This is a reminder to 7th grade families that we will be starting our Signs of Suicide (SOS) lesson and screening tool to 7th grade teams.  The lesson will be delivered tomorrow (Monday) to 7 Red students, and then to 7 Gold students on Wednesday the 24th.  Students on 7 Blue and 7 Green will participate the following week on the 29th and 31st.  Also, a final reminder that

the Eliot Community Human Services will conduct a suicide prevention workshop for members of our adult community on Monday, January 29 from 6:30pm to 8:30pm, also in our Junior High Library.  QPR - Question, Persuade and Refer is a community-wide program that teachers the warning signs of suicide and an effective emergency response. You can click here for a downloadable flyer and if you are interested in attending, please contact Dr. Deborah Garfield at dgarfield@eliotchs.org.  


Last week I provided 8th grade families a “save the date” note about the event on February 8 for 8th grade parents that will provide information about the transition to the High School.  A few more pieces of clarification for those planning to attend:  this particular event is geared towards parents and guardians, not for the 8th graders themselves. Also, please know that the event will be from 7pm to 8:30pm (at the High School).  In early March, the 8th graders will participate in a series of workshops that provide them with a comprehensive overview of course registration, requirements, and opportunities.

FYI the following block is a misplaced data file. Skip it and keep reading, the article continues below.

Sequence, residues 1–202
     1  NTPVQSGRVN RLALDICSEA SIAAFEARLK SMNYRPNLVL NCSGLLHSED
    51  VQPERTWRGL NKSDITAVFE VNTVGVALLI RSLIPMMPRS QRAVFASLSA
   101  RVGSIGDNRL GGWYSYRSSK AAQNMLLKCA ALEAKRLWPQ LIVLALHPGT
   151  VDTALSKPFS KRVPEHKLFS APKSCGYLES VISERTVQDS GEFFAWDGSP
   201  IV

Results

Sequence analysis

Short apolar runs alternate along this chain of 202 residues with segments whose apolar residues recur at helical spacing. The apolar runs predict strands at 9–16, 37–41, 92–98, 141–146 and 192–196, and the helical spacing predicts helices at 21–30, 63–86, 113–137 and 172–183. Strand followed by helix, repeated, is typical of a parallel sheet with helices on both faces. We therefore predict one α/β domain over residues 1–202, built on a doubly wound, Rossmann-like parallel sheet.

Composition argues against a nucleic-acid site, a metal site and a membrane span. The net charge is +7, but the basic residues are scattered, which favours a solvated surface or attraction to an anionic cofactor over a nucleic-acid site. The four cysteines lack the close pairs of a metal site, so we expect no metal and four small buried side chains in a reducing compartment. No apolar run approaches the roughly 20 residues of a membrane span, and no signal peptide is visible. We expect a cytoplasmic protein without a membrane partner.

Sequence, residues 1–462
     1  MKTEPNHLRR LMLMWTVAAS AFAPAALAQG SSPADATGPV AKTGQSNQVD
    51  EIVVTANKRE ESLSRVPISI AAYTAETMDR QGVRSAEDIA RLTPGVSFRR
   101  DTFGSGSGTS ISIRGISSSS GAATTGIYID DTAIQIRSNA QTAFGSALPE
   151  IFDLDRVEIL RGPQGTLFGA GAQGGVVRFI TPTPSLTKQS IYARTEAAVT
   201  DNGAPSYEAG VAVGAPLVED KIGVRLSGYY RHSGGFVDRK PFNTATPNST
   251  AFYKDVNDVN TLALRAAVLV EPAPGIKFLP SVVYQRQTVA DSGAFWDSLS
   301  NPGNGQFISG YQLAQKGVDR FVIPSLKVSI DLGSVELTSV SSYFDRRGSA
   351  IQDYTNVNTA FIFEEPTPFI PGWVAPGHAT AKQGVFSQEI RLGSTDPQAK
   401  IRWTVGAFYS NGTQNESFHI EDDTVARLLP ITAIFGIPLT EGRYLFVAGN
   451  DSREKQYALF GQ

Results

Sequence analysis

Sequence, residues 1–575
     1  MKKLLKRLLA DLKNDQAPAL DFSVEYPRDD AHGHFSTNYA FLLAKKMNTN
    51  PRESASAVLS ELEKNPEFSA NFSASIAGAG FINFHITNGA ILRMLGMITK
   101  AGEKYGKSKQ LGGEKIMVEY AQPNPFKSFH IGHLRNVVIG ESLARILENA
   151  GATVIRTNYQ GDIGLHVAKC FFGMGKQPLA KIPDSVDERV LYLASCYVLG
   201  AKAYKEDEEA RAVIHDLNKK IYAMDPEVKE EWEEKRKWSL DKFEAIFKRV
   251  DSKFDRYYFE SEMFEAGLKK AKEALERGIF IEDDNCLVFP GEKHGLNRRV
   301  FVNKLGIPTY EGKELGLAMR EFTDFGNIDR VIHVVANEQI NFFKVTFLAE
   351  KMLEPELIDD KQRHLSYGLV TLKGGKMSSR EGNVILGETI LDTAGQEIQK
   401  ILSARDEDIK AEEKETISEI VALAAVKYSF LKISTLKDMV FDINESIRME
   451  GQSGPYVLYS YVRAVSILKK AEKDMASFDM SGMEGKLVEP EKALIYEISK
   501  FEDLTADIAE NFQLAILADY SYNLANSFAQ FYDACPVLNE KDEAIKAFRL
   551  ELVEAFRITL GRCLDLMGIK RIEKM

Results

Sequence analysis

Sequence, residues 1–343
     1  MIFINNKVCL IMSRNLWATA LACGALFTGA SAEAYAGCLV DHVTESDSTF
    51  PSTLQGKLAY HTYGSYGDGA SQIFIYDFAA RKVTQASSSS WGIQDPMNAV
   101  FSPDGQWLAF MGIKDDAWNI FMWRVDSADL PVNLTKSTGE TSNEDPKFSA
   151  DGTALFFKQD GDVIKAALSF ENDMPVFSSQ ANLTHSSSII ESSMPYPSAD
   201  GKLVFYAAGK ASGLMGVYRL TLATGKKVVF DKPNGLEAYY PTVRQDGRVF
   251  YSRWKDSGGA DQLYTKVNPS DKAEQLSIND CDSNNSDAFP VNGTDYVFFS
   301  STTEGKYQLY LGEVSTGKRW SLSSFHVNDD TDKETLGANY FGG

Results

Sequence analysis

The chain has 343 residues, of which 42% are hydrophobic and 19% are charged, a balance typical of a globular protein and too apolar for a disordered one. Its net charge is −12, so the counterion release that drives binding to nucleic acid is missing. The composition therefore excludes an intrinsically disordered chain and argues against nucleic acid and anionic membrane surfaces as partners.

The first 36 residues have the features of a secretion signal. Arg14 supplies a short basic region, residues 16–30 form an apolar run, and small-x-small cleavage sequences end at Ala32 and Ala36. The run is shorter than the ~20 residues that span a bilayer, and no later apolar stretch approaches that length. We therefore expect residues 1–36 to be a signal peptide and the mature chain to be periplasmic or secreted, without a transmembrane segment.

We had our latest round of Everyday Leaders take place last week. I spent a good deal of time last week in meetings with adults, so having lunch with this group of students was a welcome change of pace for me (hopefully it was fun for them too).  Congratulations to this group of Everyday Leaders: Claire Fallica, Adi (Aditya) Raman, Tyler Clayton, Sean Nelson, Walker Pasalis, Royson Anton, Gabrielle Carlson, Amelia Bohling, Lily Fanton, Mikayla Barrett, and Cole Saucier.  


Finally, we had our latest installment of Poetry Fridays at the end of last week, with Mr. Malloy offering us a reading of the poem “Buffalo Evening” by Robert Creeley.  Click here if you’d like to read the poem as well.  


Have a great week, everyone.


Cheers,